doas fw_update iwx
I also installed Gnome and Firefox since I'm at it. I disabled xenodm because I want to use GDM. I know GDM is not as secure as xenodm. But I don't want to be dealing with secipts to setup dbus. Especially since this is the first time I'm using OpenBSD.
doas pkg_add -i gnome gnome-extra firefox
rcctl enable gdm messagebus multicast
rcctl disable xenodm
Reboot into OpenBSD.. I got into the command prompt.. Ugh.. where's GDM? At this point I assumed I screwed up something. So I tried to downgrade a bit. Installed XFCE. Disable GDM abd enable Xenodm again. Reboot. Nice! Xenodm and XFCE does work. Immediately I noticed sevear screen tearing.
glxinfo | grep OpenGL shows that I'm llvmpipe (CPU rendering) and not my 6700XT GPU (which is supported in OpenBSD 7.1). After some toying around. I found out that I need to install the firmware, again.
doas fw_update amdgpu
Yet again, reboot. login to XFCE and how glxinfo shows I'm using AMDGPU driver now. Yessss. Reenable GDM and reboot. Even nicer, both GDM and Gnome is working perfectly. Firefox also works.
OpenBSD has 2 update mechanisms. One for updating packages added via pkg_add and another for patching the system/kernel called
syspatch. I feel weird that it's a separate thing. On Linux kernels and the base system is managed by the same package manager that handles packages. I guess this is a BSD thing as FreeBSD also has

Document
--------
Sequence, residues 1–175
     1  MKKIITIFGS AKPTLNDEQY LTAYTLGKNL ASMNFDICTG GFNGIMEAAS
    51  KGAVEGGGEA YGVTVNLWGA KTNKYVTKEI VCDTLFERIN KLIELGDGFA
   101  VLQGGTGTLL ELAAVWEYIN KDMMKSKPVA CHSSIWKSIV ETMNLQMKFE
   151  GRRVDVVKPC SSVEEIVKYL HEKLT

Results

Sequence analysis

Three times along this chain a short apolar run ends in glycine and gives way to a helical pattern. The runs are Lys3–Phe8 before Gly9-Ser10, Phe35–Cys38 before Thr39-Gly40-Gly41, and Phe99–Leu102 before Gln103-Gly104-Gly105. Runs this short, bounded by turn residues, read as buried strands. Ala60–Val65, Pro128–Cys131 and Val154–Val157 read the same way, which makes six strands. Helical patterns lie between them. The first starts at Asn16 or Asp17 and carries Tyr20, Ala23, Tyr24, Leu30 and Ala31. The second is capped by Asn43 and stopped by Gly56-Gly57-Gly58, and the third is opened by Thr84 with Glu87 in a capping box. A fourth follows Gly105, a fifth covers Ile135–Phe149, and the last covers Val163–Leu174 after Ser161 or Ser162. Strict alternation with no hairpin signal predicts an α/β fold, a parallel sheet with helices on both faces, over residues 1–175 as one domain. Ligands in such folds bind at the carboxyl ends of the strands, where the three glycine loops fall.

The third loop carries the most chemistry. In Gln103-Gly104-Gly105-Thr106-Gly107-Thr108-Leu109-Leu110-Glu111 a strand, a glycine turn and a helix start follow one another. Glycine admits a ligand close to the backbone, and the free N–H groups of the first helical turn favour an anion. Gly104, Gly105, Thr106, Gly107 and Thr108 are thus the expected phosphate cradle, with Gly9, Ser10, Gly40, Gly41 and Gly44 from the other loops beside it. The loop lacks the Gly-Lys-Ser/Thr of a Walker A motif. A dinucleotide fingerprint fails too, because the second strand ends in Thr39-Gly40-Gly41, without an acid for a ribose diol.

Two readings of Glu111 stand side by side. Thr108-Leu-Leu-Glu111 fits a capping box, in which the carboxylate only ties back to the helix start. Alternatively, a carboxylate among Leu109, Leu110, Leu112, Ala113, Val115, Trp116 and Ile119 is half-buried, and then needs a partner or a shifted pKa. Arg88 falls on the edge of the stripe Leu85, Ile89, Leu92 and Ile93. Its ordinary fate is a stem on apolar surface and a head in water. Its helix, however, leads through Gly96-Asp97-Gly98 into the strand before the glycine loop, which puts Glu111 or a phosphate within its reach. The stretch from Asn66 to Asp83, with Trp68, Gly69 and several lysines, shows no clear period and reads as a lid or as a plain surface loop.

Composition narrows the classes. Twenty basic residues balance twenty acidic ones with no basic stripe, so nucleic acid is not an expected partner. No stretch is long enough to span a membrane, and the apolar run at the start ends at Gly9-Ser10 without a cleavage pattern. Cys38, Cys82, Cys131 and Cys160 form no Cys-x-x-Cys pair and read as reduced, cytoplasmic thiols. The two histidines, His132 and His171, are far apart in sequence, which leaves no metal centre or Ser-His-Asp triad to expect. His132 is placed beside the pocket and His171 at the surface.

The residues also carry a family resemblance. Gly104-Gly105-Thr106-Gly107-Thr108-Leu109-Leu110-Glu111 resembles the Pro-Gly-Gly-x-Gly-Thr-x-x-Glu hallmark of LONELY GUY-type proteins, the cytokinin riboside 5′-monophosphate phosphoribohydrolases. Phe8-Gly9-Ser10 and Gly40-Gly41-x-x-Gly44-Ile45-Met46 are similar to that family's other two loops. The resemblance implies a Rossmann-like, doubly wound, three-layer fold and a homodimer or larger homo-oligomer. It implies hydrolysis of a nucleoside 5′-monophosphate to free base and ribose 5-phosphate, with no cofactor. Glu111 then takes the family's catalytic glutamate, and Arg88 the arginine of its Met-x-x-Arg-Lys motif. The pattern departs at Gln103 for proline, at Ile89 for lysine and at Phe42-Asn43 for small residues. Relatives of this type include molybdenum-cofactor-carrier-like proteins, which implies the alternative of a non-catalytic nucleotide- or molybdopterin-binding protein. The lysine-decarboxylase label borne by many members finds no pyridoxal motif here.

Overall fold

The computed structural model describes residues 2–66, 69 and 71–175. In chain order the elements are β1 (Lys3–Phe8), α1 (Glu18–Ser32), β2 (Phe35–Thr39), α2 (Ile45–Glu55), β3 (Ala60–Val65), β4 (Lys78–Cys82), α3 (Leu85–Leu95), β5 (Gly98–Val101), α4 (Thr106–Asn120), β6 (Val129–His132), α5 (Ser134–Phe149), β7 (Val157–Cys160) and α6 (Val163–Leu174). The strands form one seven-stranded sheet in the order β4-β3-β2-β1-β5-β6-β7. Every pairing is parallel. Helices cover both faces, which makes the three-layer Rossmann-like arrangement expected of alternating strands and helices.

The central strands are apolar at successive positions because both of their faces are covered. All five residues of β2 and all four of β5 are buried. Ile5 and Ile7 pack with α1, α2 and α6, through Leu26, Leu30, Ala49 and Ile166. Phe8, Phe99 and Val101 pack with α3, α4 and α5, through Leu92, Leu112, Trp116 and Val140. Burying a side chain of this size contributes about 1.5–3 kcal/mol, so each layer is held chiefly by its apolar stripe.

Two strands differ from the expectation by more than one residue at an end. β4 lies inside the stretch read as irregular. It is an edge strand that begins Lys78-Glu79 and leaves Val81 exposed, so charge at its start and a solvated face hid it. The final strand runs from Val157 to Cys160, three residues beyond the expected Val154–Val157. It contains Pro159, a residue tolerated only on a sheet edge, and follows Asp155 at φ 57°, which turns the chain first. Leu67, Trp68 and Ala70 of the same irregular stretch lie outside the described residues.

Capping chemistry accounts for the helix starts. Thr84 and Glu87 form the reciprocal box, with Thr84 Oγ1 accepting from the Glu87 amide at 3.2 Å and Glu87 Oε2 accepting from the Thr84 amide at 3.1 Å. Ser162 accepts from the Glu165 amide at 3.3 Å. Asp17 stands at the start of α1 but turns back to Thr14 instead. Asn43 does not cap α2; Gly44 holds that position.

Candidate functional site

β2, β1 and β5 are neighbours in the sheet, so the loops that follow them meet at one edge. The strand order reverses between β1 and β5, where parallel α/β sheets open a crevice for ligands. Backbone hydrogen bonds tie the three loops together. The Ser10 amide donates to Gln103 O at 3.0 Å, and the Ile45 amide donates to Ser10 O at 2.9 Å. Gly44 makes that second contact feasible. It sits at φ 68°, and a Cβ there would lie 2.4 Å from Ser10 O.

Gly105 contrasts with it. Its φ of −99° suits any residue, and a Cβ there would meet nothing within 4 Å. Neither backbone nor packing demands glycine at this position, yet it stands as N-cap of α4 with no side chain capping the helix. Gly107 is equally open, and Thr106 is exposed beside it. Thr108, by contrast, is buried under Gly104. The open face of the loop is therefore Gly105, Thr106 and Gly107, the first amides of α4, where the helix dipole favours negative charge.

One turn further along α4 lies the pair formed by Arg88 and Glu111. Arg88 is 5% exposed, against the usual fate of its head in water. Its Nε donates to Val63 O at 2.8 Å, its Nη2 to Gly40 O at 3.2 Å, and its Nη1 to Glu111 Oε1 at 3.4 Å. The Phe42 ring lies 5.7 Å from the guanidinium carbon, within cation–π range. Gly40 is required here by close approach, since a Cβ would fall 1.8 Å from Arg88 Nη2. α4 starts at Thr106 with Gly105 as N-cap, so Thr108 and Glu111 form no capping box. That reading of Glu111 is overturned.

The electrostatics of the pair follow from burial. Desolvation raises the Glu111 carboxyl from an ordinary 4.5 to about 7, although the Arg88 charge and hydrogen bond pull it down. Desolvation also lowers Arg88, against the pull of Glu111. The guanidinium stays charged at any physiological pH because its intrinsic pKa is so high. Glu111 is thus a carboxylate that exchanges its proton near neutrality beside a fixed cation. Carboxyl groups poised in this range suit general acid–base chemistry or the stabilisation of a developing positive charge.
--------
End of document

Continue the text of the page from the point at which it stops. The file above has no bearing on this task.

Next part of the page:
Installing custom fonts on OpenBSD is not as stright forward as on Arch. Though it's the same process, most Linux distros have a font installer and abstract the process. To install fonts on OpenBSD, you've to put the fonts in the
/usr/X11R6/lib/X11/fonts/<folder> folder and reevaluate the font cache.
doas mkdir -p /usr/X11R6/lib/X11/fonts/<some-name>
doas cp <font-file> /usr/X11R6/lib/X11/fonts/<some-name>
IMO Awaita is a bad theme. It looks gray and unpleasing. I have been using the Arc theme for a while. On Arch Linux installing is as easy a
pacman -S arc-theme. On OpenBSD, there's no pacage for it. So I had to install it from source. Arc was previously maintained by horst3180. It got abandoned and I'm using jnsh's fork.
doas pkg_add sassc meson inkscape # for building the theme
git clone https://github.com/jnsh/arc-theme
meson setup --prefix=$HOME/.local -Dvariants=light -Dthemes=gnome-shell,gtk3,gtk4 build/
meson install -C build/
For security reasons, OpenBSD disables SMT by default. I get why they do it. But I am not that paranoid with CPU side channel attacks. And the performance loss is quite huge. So I decided to re-enable SMT.
# as root
echo "hw.smt=1" >> /etc/sysctl.conf
IMPORTANT: This section is outdated. I figured out how to get GPU acceleration working with Firefox. See my new post:
FireFox is my prefered browser. But on OpenBSD, for security reasons, it doesn't do GPU acceleration. The performance is sluggish at best. I can't even play a 1080p video at 60FPS. But Chromium does have GPU working. So I switch to Chromium. It's worth noting that both Firefox and Chromium are